Agreements with wireless carriers like T-Mobile and Sprint let Loc-Aid triangulate position using cellular towers and the GPS signal on your phone. In urban areas, the results are more precise than rural areas where there are fewer cell towers.
Locaid adds security measures to keep the site safe: You have to type in your own birthday (to prevent minors from using the service) and the person you are trying to locate must agree to the location search by replying to a text message. More
Think Different: The Company Growing Faster Than Facebook
How should investors value growth?
With Facebook now in registration for an initial public offering, the question is top of mind for investors in technology stocks. Facebook generated $3.7 billion in revenue in 2011, and a cool $1 billion in net income. If the conventional wisdom is right, and Facebook goes public with a $100 billion market cap, that makes the math easy – the company would have a P/E of 100x trailing earnings, or if you prefer, 27x trailing revenues.
But not everyone is convinced that Facebook, astonishing as it with close to 850 million users and a rapidly growing revenue base, has done enough to be worth more than, say, Boeing ($57 billion market cap, $69 billion in revenue, $4 billion in profits), Disney ($72 billion market cap, FY September 2011 revenues of $40.9 billion and $4.8 billion in profits) or Hewlett-Packard ($58 billion market cap, FY October 2011 revenues of $127.2 billion, non-GAAP net income of $10.4 billion.)
Indeed, here’s a little conundrum for you.
While Facebook grew revenues 88% in 2011, the company actually grew a more modest 54.7% in the fourth quarter; advertising in the quarter was up 44%. On a sequential basis, revenue was up 18.5% in the fourth quarter from Q1, with advertising revenue up 18.2%; compare that with a year ago when Q4 revenues were up 56.5% sequentially, and ad revenue was up 45.6%. Succumbing to the law of large numbers already?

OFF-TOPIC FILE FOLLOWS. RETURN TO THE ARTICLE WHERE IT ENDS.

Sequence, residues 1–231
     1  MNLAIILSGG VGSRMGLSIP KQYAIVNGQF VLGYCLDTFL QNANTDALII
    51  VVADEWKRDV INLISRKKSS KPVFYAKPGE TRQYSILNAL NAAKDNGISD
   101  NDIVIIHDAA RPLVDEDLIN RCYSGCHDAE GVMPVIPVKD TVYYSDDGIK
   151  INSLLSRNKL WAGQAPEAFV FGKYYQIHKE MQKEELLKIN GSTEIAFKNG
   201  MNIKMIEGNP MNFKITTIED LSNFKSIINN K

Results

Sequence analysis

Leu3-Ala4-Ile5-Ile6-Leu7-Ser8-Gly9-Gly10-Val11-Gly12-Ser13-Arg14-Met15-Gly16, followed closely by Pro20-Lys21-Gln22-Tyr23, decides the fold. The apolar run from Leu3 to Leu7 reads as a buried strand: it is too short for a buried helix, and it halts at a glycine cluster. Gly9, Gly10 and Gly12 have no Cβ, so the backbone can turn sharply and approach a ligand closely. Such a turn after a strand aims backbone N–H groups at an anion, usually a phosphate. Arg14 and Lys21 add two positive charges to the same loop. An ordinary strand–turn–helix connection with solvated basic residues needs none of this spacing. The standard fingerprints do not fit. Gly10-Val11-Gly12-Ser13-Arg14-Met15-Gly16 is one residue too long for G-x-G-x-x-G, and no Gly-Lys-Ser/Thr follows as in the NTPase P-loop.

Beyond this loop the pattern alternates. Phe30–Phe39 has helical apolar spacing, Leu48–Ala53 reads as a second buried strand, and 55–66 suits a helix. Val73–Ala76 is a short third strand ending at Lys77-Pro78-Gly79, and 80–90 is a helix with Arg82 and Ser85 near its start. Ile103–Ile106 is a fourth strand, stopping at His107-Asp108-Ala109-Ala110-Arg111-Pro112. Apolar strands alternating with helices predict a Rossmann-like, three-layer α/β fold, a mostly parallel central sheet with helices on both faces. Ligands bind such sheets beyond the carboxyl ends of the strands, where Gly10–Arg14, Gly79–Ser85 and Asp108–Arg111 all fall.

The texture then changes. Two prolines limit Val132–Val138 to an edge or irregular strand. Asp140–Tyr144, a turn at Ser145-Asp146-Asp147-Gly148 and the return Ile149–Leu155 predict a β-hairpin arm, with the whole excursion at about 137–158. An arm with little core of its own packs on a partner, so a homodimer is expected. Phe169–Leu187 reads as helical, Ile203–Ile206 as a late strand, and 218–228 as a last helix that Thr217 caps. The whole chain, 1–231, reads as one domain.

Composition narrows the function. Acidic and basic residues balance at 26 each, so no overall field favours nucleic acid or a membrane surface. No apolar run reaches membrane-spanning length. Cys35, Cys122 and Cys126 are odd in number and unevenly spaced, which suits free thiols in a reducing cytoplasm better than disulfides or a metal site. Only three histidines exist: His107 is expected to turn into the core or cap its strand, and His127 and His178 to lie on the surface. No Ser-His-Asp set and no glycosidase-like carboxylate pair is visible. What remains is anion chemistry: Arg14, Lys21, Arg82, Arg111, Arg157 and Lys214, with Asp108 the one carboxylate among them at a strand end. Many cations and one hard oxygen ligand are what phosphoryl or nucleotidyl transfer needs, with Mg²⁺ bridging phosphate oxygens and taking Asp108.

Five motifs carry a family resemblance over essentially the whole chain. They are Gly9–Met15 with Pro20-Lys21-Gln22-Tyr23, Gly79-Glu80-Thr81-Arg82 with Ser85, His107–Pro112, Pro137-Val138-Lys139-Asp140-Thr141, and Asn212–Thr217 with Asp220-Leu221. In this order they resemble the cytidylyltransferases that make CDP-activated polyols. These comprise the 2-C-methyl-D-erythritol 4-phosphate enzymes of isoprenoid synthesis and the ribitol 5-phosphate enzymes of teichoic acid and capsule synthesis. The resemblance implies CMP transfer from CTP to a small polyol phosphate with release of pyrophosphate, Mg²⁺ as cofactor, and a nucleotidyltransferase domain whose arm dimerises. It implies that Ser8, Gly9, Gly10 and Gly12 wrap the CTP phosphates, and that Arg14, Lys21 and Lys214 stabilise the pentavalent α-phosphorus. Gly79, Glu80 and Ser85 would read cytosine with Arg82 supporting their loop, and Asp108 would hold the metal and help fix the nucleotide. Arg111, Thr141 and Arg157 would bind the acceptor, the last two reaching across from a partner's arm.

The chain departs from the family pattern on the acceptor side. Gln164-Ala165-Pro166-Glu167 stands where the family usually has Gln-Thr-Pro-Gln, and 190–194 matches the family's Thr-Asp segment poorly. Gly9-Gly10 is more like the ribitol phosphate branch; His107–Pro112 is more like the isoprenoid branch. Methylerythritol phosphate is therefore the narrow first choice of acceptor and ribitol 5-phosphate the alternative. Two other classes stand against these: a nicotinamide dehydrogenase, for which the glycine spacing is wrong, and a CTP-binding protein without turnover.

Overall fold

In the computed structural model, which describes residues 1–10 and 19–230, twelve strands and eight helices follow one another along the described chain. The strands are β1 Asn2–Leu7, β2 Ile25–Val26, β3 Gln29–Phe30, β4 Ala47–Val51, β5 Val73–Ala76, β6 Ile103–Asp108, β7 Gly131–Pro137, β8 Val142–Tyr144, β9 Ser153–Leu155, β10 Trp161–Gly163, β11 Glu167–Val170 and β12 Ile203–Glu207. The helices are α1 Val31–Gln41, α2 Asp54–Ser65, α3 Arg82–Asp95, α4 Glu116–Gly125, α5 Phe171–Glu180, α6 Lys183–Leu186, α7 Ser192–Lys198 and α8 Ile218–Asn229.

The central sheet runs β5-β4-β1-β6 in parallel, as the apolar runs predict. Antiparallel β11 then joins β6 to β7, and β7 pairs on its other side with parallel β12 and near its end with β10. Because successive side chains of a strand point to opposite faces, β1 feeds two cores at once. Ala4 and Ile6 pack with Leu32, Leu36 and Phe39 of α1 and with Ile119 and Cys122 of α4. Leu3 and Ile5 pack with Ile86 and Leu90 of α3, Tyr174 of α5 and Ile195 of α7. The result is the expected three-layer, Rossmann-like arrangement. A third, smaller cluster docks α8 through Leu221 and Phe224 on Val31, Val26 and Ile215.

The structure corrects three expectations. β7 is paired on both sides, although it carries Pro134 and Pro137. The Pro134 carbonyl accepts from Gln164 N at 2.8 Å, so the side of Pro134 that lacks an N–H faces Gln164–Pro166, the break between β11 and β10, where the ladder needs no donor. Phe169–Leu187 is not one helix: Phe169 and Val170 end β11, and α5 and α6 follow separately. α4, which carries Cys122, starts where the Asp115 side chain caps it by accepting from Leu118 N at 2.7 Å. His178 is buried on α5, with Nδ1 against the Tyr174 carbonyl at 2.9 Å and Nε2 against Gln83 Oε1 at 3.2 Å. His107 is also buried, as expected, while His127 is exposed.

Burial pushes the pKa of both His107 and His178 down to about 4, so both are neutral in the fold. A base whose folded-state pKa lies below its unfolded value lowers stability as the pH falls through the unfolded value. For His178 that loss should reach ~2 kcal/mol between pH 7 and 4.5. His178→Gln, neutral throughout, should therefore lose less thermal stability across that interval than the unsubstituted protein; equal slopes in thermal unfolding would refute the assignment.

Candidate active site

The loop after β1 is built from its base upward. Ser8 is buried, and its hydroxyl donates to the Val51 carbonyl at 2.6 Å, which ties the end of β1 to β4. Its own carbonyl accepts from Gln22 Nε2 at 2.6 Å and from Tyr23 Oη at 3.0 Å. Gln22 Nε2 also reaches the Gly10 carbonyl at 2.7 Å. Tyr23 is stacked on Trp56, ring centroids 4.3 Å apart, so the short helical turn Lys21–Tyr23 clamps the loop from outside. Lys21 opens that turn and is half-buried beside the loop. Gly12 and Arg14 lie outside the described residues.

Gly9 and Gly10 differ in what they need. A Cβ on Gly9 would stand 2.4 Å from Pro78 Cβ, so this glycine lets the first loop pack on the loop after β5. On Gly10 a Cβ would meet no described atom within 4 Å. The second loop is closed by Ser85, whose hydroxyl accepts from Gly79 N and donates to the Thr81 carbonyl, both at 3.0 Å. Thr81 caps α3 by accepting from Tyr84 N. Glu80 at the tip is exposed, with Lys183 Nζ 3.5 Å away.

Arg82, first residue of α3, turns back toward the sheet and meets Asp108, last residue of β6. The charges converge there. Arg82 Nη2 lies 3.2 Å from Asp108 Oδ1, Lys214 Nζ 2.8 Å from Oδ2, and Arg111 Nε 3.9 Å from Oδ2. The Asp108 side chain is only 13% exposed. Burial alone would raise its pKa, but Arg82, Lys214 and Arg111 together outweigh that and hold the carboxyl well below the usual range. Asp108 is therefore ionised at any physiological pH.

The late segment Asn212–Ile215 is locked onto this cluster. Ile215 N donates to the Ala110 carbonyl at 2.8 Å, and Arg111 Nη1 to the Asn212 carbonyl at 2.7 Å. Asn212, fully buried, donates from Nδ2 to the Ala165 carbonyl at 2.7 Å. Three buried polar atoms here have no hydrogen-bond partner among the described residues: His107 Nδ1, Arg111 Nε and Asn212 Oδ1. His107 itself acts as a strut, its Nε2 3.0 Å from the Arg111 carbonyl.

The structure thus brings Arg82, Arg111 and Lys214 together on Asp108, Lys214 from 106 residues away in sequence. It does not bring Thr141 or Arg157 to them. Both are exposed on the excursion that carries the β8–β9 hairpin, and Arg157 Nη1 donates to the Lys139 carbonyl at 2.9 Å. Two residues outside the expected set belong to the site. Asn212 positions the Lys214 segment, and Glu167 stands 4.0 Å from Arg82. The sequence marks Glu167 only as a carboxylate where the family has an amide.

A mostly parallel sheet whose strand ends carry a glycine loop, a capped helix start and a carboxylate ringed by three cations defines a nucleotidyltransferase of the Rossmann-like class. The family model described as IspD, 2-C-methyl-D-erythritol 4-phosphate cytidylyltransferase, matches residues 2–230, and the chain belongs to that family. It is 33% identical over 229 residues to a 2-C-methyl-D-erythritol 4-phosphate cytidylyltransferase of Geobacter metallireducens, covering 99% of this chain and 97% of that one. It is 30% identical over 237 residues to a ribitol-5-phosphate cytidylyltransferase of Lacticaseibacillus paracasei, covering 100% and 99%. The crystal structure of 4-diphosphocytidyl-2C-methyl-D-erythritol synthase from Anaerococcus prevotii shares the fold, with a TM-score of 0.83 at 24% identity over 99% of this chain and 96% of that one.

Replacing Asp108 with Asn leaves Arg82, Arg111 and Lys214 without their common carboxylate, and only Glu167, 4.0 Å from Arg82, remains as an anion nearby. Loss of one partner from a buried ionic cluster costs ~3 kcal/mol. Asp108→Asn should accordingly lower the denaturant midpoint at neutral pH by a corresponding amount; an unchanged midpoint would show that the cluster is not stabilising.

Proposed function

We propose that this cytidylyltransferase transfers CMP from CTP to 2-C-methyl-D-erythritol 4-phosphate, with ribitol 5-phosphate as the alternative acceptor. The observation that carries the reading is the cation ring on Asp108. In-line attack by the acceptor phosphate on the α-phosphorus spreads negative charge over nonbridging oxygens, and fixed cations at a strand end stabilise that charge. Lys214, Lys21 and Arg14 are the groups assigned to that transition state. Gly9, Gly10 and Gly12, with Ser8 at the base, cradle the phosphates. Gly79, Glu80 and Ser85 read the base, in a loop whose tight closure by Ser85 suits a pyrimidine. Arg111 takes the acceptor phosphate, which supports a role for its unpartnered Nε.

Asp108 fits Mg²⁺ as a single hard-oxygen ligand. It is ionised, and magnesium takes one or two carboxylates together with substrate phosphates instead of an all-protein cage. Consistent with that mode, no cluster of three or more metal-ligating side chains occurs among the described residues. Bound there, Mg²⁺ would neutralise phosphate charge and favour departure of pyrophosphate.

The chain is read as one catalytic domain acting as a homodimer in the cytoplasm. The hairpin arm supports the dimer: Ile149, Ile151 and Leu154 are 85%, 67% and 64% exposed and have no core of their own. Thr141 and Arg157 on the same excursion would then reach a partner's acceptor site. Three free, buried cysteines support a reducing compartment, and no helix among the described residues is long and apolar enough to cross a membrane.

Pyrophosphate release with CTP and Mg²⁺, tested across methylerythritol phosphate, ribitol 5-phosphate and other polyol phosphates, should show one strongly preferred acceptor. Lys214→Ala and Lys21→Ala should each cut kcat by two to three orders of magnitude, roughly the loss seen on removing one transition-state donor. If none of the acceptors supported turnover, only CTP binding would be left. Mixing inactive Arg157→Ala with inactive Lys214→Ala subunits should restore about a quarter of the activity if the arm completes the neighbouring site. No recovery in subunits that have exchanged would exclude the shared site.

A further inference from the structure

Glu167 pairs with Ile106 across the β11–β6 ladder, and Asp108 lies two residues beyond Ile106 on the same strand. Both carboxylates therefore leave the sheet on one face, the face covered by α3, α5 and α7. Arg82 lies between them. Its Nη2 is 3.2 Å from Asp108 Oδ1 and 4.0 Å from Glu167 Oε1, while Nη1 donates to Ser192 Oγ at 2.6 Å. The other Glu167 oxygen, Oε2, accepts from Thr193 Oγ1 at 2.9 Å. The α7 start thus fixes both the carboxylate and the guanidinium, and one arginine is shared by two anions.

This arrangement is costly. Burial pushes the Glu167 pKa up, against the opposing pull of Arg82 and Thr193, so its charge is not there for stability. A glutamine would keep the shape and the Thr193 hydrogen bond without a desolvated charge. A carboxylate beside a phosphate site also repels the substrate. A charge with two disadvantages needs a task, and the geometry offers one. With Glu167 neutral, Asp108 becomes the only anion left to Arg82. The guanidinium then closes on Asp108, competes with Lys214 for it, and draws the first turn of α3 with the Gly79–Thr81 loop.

Now let’s do a little comparison with another well-known tech company, this one based in Cupertino, rather than Menlo Park. More
Cross-Posted:TobyToons.com (Conservative Political Cartoons)
Redbox and Verizon are working on a streaming video service to take on Netflix, but so far have said little about how it will work.
The joint venture will launch in the second half of 2012. According to a press release, it will offer “subscription services and more in an easy-to-use, flexible and affordable service that will allow all consumers across the U.S. to enjoy the new and popular entertainment they want, whenever they choose, using the media and devices they prefer.”
Redbox’s parent company, Coinstar, has been toying with the idea of a streaming video service for at least a couple years. In 2010, the company began gauging customer interest with surveys, and a year ago Redbox confirmed that it was working on something. (At the time, a partnership with Amazon was rumored, but Amazon has since launched its own streaming video service without Redbox.) More